Day 5 Reflection

The Internet of Things (IOT) is a fascinating concept that seems so futuristic, but is truly right around the corner. The IOT will begin to control our lives, as all of our objects will be communicating with each other and create one network that will almost control our lives. There are many positives for the IOT as it will make our lives much more convenient, save us time and money, and increase our safety (will it? I will get to that later)? Yet, there are also many things that concern me about the IOT. First, I believe the IOT will make us very one dimensional people. Our lives will be so programmed that we will have a very difficult time straying away from our regular routine to try anything new. No longer will we have ample opportunity for our unique human experiences, such as a long drive on the countryside, or a camping trip without having little machines do everything for us. I mean it is pretty cool that a sensor can turn on your workstation after you park your car so that you are ready for work upon arrival. But is it so cool that these sensors and this networks knows your whereabouts all the time? Do you feel like a person still? Or do you feel controlled?

Is there a point in which we will lose our uniqueness as humans if machines continue to take over our entire lives?

I believe that will be a part of our discussion next week, and I cannot wait to see what ideas our classroom has on this topic. To me, it is quite scary and I am excited to discuss the future.

As I discussed earlier safety and security is a huge controversy in the IOT. One thought I shared in discussion was the safety of our information on the web currently. Personally, I am never worried that Venmo will steal my credit card information, or that Charles Schwab will steal all the money that I have invested in the market, or that some hacker will hack my online banking at Bank of America. Now that I think about it….why aren’t I scared? Why aren’t I scared that someone will steal my identity online after I type in my social security number to apply for a job? My answer was simple: It is because I trust these online sources and I trust them with my information. But still, why do I trust them? For that, I have no answer.

As technology improves and these sensors start to pick up even more information about us, should we start to fear even more about our privacy, and furthermore our safety. How can we trust that the camera in our house will not be hacked? How can we trust that entire network of sensors that is tracking our every movement and planning our every activity won’t be hacked? As technology improves, so will the technology of hackers, and to me that is scary. I already feel like the Internet knows way too much about me with targeted adds, and all the information that I have posted on the web. With my new understanding of the Internet of things, I have realized that this is only the beginning. Soon, so much of our information will be on networks supposedly for our benefit. But will it be beneficial. To that I say: Only time will tell.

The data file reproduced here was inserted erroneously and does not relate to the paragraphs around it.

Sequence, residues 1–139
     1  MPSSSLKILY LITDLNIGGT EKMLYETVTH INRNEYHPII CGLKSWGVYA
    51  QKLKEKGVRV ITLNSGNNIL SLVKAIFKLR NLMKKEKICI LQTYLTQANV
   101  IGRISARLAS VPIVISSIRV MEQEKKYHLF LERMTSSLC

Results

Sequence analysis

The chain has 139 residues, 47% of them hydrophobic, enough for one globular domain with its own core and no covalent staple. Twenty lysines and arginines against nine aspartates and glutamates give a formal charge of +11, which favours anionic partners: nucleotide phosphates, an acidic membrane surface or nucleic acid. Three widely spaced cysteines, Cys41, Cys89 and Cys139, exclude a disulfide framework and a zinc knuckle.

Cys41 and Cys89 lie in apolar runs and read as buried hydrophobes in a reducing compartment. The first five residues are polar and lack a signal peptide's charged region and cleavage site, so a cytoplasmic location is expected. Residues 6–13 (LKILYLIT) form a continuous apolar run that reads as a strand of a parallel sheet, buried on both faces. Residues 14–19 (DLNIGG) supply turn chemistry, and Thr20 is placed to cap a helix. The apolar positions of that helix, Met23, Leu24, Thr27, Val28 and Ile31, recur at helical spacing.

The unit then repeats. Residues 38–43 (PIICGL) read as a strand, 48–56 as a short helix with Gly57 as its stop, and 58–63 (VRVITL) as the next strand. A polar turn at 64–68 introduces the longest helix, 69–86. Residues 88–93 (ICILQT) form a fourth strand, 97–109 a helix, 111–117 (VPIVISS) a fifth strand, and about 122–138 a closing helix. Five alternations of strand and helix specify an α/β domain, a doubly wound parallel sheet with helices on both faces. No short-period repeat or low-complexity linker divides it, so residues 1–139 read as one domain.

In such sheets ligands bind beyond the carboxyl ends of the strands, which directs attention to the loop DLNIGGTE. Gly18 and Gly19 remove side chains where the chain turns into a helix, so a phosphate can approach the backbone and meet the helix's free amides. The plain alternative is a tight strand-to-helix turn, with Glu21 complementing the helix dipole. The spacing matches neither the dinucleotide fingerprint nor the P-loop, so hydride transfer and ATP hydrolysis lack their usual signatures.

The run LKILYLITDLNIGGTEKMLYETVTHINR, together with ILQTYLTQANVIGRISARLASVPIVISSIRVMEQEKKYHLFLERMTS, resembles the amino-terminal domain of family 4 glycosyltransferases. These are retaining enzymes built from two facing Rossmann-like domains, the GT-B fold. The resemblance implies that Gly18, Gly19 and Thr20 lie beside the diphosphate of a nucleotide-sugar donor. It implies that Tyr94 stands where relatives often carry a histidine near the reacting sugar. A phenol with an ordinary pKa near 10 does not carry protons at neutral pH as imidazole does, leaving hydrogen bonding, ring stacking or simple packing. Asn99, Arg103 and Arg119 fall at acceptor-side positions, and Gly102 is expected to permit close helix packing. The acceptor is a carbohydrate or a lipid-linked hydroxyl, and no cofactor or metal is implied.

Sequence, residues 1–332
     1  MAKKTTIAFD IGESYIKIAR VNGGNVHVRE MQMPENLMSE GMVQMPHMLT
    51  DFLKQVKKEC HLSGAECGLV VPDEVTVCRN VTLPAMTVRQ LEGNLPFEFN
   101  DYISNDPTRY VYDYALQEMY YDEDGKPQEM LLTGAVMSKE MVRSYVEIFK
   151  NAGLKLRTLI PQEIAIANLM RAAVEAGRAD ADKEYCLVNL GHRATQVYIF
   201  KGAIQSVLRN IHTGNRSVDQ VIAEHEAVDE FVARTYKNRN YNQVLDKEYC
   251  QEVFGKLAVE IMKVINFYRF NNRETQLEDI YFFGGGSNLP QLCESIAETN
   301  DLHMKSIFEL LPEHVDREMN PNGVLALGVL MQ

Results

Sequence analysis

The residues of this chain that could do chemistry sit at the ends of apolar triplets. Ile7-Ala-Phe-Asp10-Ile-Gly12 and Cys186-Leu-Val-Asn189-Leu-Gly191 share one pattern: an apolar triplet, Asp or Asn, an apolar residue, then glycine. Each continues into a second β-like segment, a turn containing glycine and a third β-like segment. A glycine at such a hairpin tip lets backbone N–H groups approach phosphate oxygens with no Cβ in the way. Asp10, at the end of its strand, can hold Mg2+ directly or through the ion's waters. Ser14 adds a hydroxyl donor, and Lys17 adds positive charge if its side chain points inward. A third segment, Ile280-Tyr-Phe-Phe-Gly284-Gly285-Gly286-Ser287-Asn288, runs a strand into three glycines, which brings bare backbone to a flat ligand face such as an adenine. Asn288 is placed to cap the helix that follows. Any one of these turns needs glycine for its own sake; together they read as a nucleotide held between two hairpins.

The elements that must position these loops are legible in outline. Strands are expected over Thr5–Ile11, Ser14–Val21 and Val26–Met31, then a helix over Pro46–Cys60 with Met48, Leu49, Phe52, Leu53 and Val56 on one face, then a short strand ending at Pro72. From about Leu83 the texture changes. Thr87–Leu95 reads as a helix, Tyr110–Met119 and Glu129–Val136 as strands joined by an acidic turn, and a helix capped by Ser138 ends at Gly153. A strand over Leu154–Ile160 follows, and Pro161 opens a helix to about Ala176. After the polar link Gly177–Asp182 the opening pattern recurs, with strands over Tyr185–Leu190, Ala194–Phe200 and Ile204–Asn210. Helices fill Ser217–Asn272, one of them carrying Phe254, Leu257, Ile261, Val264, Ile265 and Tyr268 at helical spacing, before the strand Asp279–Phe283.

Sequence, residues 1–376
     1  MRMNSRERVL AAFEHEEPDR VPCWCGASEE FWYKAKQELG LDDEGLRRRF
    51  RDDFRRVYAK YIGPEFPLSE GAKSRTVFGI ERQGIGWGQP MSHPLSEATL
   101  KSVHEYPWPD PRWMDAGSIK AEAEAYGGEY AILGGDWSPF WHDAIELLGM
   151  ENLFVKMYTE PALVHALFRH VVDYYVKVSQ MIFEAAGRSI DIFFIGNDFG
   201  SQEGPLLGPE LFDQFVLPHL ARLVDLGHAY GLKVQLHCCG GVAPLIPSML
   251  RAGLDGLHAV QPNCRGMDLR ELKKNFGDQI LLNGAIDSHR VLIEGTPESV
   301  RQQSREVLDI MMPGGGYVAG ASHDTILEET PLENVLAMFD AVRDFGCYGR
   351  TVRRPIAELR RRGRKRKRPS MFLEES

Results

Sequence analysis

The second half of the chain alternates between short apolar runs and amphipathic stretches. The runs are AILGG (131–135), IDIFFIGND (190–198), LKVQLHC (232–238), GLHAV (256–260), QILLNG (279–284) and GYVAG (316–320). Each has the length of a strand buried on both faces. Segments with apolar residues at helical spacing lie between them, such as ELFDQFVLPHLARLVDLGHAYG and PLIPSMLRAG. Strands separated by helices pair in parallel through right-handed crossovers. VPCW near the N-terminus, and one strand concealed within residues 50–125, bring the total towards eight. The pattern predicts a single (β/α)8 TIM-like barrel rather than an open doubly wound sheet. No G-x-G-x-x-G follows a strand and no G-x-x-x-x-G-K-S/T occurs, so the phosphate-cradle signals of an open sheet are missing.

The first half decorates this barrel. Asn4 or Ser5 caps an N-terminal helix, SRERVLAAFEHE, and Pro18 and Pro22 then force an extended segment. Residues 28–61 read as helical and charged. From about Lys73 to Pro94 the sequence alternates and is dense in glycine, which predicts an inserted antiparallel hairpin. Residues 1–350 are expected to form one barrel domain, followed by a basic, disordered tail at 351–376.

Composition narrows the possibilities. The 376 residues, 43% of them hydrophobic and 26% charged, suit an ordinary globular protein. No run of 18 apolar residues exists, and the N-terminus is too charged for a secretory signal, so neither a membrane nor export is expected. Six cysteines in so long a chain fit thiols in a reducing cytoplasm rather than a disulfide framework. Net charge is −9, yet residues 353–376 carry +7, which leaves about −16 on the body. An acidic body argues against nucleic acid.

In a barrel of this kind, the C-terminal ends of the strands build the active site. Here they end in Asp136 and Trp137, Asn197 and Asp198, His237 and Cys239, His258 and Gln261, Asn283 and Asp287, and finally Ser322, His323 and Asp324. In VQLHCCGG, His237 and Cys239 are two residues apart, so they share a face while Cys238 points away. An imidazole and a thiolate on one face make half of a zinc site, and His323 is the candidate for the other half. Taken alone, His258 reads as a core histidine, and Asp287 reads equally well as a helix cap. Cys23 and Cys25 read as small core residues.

I hope you enjoyed this weeks version of Hollenberg’s Thoughts. Stay tuned for more!

One more thing….BRADY IS BACK!!!!!!!!

1 Comment »

  1. Mike Smith

    October 11, 2016 @ 6:42 pm


    I hope you’re loving this new week’s reading! It plays right into your comments this week.

    On privacy, I encourage you to think about what is the same and what is different between hacking the camera in your house to watch you and having someone sit outside your house and watch you through the window. And how does the tracking of your movements (say around a mall or on the state’s highways) change when networks of sensors are deployed (or in the case of highways, have been deployed) versus the old-fashioned way of just having you followed?

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